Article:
Elusive Pancreatic Progenitor Cells Found in Mice

Researchers at the JDRF Center for Beta Cell Therapy in Diabetes, in Brussels, Belgium, identified a bona fide pancreatic progenitor cell in mice that has the capacity to generate new insulin-producing beta cells. The discovery, led by Harry Heimberg and published in the journal Cell, demonstrates the existence of this elusive cell and underscores the potential of beta cell regeneration as a cure for type 1 diabetes. Heimberg’s team was able to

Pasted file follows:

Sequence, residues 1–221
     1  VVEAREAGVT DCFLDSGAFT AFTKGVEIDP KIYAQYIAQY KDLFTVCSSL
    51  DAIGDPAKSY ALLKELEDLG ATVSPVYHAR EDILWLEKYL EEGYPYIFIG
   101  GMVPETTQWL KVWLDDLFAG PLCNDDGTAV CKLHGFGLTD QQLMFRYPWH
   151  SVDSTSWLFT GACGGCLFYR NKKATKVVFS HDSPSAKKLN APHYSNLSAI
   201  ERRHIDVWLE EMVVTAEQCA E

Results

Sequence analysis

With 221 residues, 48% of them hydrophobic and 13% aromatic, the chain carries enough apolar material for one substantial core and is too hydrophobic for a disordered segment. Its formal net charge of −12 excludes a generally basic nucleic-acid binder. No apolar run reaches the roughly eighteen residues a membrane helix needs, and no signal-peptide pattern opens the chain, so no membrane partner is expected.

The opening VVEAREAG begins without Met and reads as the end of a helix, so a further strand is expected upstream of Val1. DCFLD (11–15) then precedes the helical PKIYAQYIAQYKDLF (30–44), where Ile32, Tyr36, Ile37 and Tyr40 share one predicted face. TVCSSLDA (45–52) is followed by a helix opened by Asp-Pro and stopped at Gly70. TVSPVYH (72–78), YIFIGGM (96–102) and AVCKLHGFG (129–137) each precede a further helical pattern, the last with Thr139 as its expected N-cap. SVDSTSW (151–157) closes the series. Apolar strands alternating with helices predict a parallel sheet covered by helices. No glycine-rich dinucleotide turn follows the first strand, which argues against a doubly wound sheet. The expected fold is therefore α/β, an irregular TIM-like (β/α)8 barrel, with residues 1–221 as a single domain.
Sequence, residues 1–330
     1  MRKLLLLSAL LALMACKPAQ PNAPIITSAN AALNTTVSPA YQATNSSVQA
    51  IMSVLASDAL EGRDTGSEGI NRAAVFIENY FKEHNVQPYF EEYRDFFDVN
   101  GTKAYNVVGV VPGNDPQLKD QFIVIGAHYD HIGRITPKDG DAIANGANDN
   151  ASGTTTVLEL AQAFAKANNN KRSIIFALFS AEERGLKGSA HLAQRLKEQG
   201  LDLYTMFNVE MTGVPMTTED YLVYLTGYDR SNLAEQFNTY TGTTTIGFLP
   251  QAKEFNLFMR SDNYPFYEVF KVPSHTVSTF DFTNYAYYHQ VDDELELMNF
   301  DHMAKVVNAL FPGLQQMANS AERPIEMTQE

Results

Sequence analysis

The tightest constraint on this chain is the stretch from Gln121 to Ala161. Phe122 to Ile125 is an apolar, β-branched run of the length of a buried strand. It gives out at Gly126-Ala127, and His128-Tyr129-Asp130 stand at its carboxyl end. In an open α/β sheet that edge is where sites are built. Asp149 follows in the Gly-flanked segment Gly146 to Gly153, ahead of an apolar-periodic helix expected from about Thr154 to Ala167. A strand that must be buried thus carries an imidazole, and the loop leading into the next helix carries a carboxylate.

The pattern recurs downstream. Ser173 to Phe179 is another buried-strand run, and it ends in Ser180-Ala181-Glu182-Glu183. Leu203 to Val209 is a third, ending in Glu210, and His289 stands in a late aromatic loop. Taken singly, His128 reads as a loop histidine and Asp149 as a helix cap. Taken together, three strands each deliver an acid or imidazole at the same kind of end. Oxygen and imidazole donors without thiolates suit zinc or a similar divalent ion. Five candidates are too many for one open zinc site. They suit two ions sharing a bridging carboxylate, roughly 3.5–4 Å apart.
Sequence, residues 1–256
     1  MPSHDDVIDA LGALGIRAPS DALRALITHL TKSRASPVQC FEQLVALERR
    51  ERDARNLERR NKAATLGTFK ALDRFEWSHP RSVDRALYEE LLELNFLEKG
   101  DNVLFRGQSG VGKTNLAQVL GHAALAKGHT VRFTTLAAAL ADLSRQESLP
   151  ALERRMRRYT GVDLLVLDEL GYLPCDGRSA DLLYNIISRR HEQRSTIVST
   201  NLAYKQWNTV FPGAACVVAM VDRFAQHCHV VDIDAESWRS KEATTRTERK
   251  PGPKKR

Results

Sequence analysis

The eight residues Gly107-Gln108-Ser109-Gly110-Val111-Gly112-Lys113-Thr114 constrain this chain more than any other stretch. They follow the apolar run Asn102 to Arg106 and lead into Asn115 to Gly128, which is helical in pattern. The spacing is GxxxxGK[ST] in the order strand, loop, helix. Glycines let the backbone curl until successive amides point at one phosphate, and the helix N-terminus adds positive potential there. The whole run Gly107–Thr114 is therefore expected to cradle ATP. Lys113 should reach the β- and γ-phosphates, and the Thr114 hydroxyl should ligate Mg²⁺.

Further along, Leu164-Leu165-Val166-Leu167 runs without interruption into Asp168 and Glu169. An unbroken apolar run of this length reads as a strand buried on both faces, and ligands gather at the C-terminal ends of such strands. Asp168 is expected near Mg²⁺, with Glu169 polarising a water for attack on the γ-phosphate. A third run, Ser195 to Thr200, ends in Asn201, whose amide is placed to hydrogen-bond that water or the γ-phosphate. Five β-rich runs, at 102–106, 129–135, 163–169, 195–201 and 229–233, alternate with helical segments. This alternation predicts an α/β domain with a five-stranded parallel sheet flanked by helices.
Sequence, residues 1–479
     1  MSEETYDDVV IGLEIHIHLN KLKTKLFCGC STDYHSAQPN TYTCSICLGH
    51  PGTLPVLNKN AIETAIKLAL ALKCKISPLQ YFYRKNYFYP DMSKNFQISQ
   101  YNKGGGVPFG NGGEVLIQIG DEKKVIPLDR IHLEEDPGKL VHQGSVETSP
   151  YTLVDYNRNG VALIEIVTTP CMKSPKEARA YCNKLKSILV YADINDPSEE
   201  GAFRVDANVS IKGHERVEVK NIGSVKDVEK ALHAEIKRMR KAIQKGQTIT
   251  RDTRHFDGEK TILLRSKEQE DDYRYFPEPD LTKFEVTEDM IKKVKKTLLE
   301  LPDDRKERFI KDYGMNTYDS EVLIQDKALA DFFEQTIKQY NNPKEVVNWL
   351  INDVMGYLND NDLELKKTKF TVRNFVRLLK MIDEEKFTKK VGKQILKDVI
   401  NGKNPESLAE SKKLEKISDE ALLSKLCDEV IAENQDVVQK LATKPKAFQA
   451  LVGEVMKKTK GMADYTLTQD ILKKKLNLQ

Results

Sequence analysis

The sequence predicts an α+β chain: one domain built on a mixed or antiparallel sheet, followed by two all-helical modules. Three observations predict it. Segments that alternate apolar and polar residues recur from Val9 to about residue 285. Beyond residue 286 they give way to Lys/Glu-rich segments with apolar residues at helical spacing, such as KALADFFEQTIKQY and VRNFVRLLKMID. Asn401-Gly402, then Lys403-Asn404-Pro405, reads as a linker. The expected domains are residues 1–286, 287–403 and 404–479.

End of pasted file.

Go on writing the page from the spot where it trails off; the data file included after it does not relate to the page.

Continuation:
activate the beta cell progenitors by tying off a duct that drains digestive enzymes from the pancreas—an event that led both to a doubling of beta cell mass in the injured part of the pancreas within two weeks and to the production of more insulin. Formation of the new beta cells was dependent on the activity of Neurogenin 3, a master gene also expressed in embryonic progenitor cells. Importantly, the new beta cells proved to be glucose-responsive.